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1.  Comprehensive molecular characterization of gastric adenocarcinoma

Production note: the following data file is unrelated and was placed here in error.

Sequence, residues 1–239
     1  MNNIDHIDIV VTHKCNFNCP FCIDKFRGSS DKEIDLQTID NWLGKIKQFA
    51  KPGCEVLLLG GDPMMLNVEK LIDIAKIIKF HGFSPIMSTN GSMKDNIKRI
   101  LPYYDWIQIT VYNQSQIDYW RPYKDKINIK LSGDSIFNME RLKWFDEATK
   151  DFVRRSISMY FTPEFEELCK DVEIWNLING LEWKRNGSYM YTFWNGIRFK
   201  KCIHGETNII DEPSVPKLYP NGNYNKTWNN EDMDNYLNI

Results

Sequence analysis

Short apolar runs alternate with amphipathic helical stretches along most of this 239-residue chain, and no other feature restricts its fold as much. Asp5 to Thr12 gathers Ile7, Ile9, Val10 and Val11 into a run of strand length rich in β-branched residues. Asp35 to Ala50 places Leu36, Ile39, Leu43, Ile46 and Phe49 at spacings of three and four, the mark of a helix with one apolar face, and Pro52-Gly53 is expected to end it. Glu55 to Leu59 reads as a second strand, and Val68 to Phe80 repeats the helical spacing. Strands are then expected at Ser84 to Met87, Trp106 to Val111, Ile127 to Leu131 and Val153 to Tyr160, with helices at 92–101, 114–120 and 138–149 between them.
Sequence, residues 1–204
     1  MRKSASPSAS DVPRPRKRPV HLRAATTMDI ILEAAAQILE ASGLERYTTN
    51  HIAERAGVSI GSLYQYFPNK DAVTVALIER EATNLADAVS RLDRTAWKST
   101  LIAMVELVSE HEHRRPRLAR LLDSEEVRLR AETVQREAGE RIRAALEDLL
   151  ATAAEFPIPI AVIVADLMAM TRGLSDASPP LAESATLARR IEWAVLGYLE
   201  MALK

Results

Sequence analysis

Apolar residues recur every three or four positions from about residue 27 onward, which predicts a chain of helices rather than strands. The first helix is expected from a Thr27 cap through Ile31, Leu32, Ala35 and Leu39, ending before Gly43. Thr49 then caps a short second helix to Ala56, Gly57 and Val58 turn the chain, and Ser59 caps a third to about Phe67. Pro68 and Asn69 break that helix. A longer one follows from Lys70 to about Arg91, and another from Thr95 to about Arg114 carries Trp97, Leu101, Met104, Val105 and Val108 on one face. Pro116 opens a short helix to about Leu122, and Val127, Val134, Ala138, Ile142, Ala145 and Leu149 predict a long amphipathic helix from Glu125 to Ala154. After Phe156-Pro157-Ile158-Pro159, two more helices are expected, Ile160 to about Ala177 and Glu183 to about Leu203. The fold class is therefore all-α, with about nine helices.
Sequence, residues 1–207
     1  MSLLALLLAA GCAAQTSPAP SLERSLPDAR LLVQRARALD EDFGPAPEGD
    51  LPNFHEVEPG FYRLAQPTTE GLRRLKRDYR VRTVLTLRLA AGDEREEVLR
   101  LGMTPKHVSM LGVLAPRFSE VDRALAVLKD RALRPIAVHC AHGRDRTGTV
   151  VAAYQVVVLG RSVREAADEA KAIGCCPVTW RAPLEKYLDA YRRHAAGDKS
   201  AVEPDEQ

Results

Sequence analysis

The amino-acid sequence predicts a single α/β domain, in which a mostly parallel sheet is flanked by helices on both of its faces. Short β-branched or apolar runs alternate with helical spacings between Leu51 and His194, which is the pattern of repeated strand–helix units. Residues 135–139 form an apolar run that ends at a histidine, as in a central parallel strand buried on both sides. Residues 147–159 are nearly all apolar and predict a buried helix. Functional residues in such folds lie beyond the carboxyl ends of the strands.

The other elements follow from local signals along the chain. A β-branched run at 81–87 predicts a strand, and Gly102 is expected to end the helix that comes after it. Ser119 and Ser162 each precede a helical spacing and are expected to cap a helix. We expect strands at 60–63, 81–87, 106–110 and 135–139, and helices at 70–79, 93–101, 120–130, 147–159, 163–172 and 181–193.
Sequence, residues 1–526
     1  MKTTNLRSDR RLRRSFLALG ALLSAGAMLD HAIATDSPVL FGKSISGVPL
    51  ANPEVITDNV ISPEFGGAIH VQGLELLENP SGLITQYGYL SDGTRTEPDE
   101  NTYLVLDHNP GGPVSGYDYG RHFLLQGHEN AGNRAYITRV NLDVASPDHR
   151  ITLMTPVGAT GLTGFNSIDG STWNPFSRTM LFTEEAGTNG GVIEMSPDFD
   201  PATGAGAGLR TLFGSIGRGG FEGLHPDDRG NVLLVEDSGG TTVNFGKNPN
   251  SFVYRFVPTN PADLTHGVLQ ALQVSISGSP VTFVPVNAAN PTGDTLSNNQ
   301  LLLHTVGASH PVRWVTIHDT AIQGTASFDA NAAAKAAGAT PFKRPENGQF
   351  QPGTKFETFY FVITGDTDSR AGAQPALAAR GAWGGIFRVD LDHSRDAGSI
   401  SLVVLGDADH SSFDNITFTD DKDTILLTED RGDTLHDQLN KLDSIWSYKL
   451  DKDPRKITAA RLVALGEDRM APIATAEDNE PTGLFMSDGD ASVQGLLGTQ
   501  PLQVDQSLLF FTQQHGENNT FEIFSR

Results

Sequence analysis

Bass, Adam J. | Thorsson, Vesteinn | Shmulevich, Ilya | Reynolds, Sheila M. | Miller, Michael | Bernard, Brady | Hinoue, Toshinori | Laird, Peter W. | Curtis, Christina | Shen, Hui | Weisenberger, Daniel J. | Schultz, Nikolaus | Shen, Ronglai | Weinhold, Nils | Kelsen, David P. | Bowlby, Reanne | Chu, Andy | Kasaian, Katayoon | Mungall, Andrew J. | Robertson, A. Gordon | Sipahimalani, Payal | Cherniack, Andrew | Getz, Gad | Liu, Yingchun | Noble, Michael S. | Pedamallu, Chandra | Sougnez, Carrie | Taylor-Weiner, Amaro | Akbani, Rehan | Lee, Ju-Seog | Liu, Wenbin | Mills, Gordon B. | Yang, Da | Zhang, Wei | Pantazi, Angeliki | Parfenov, Michael | Gulley, Margaret | Piazuelo, M. Blanca | Schneider, Barbara G. | Kim, Jihun | Boussioutas, Alex | Sheth, Margi | Demchok, John A. | Rabkin, Charles S. | Willis, Joseph E. | Ng, Sam | Garman, Katherine | Beer, David G. | Pennathur, Arjun | Raphael, Benjamin J. | Wu, Hsin-Ta | Odze, Robert | Kim, Hark K. | Bowen, Jay | Leraas, Kristen M. | Lichtenberg, Tara M. | Weaver, Stephanie | McLellan, Michael | Wiznerowicz, Maciej | Sakai, Ryo | Getz, Gad | Sougnez, Carrie | Lawrence, Michael S. | Cibulskis, Kristian | Lichtenstein, Lee | Fisher, Sheila | Gabriel, Stacey B. | Lander, Eric S. | Ding, Li | Niu, Beifang | Ally, Adrian | Balasundaram, Miruna | Birol, Inanc | Bowlby, Reanne | Brooks, Denise | Butterfield, Yaron S. N. | Carlsen, Rebecca | Chu, Andy | Chu, Justin | Chuah, Eric | Chun, Hye-Jung E. | Clarke, Amanda | Dhalla, Noreen | Guin, Ranabir | Holt, Robert A. | Jones, Steven J.M. | Kasaian, Katayoon | Lee, Darlene | Li, Haiyan A. | Lim, Emilia | Ma, Yussanne | Marra, Marco A. | Mayo, Michael | Moore, Richard A. | Mungall, Andrew J. | Mungall, Karen L. | Nip, Ka Ming | Robertson, A. Gordon | Schein, Jacqueline E. | Sipahimalani, Payal | Tam, Angela | Thiessen, Nina | Beroukhim, Rameen | Carter, Scott L. | Cherniack, Andrew D. | Cho, Juok | Cibulskis, Kristian | DiCara, Daniel | Frazer, Scott | Fisher, Sheila | Gabriel, Stacey B. | Gehlenborg, Nils | Heiman, David I. | Jung, Joonil | Kim, Jaegil | Lander, Eric S. | Lawrence, Michael S. | Lichtenstein, Lee | Lin, Pei | Meyerson, Matthew | Ojesina, Akinyemi I. | Pedamallu, Chandra Sekhar | Saksena, Gordon | Schumacher, Steven E. | Sougnez, Carrie | Stojanov, Petar | Tabak, Barbara | Taylor-Weiner, Amaro | Voet, Doug | Rosenberg, Mara | Zack, Travis I. | Zhang, Hailei | Zou, Lihua | Protopopov, Alexei | Santoso, Netty | Parfenov, Michael | Lee, Semin | Zhang, Jianhua | Mahadeshwar, Harshad S. | Tang, Jiabin | Ren, Xiaojia | Seth, Sahil | Yang, Lixing | Xu, Andrew W. | Song, Xingzhi | Pantazi, Angeliki | Xi, Ruibin | Bristow, Christopher A. | Hadjipanayis, Angela | Seidman, Jonathan | Chin, Lynda | Park, Peter J. | Kucherlapati, Raju | Akbani, Rehan | Ling, Shiyun | Liu, Wenbin | Rao, Arvind | Weinstein, John N. | Kim, Sang-Bae | Lee, Ju-Seog | Lu, Yiling | Mills, Gordon | Laird, Peter W. | Hinoue, Toshinori | Weisenberger, Daniel J. | Bootwalla, Moiz S. | Lai, Phillip H. | Shen, Hui | Triche, Timothy | Van Den Berg, David J. | Baylin, Stephen B. | Herman, James G. | Getz, Gad | Chin, Lynda | Liu, Yingchun | Murray, Bradley A. | Noble, Michael S. | Askoy, B. Arman | Ciriello, Giovanni | Dresdner, Gideon | Gao, Jianjiong | Gross, Benjamin | Jacobsen, Anders | Lee, William | Ramirez, Ricardo | Sander, Chris | Schultz, Nikolaus | Senbabaoglu, Yasin | Sinha, Rileen | Sumer, S. Onur | Sun, Yichao | Weinhold, Nils | Thorsson, Vésteinn | Bernard, Brady | Iype, Lisa | Kramer, Roger W. | Kreisberg, Richard | Miller, Michael | Reynolds, Sheila M. | Rovira, Hector | Tasman, Natalie | Shmulevich, Ilya | Ng, Santa Cruz Sam | Haussler, David | Stuart, Josh M. | Akbani, Rehan | Ling, Shiyun | Liu, Wenbin | Rao, Arvind | Weinstein, John N. | Verhaak, Roeland G.W. | Mills, Gordon B. | Leiserson, Mark D. M. | Raphael, Benjamin J. | Wu, Hsin-Ta | Taylor, Barry S. | Black, Aaron D. | Bowen, Jay | Carney, Julie Ann | Gastier-Foster, Julie M. | Helsel, Carmen | Leraas, Kristen M. | Lichtenberg, Tara M. | McAllister, Cynthia | Ramirez, Nilsa C. | Tabler, Teresa R. | Wise, Lisa | Zmuda, Erik | Penny, Robert | Crain, Daniel | Gardner, Johanna | Lau, Kevin | Curely, Erin | Mallery, David | Morris, Scott | Paulauskis, Joseph | Shelton, Troy | Shelton, Candace | Sherman, Mark | Benz, Christopher | Lee, Jae-Hyuk | Fedosenko, Konstantin | Manikhas, Georgy | Potapova, Olga | Voronina, Olga | Belyaev, Smitry | Dolzhansky, Oleg | Rathmell, W. Kimryn | Brzezinski, Jakub | Ibbs, Matthew | Korski, Konstanty | Kycler, Witold | ŁaŸniak, Radoslaw | Leporowska, Ewa | Mackiewicz, Andrzej | Murawa, Dawid | Murawa, Pawel | Spychała, Arkadiusz | Suchorska, Wiktoria M. | Tatka, Honorata | Teresiak, Marek | Wiznerowicz, Maciej | Abdel-Misih, Raafat | Bennett, Joseph | Brown, Jennifer | Iacocca, Mary | Rabeno, Brenda | Kwon, Sun-Young | Penny, Robert | Gardner, Johanna | Kemkes, Ariane | Mallery, David | Morris, Scott | Shelton, Troy | Shelton, Candace | Curley, Erin | Alexopoulou, Iakovina | Engel, Jay | Bartlett, John | Albert, Monique | Park, Do-Youn | Dhir, Rajiv | Luketich, James | Landreneau, Rodney | Janjigian, Yelena Y. | Kelsen, David P. | Cho, Eunjung | Ladanyi, Marc | Tang, Laura | McCall, Shannon J. | Park, Young S. | Cheong, Jae-Ho | Ajani, Jaffer | Camargo, M. Constanza | Alonso, Shelley | Ayala, Brenda | Jensen, Mark A. | Pihl, Todd | Raman, Rohini | Walton, Jessica | Wan, Yunhu | Demchok, John A. | Eley, Greg | Mills Shaw, Kenna R. | Sheth, Margi | Tarnuzzer, Roy | Wang, Zhining | Yang, Liming | Zenklusen, Jean Claude | Davidsen, Tanja | Hutter, Carolyn M. | Sofia, Heidi J. | Burton, Robert | Chudamani, Sudha | Liu, Jia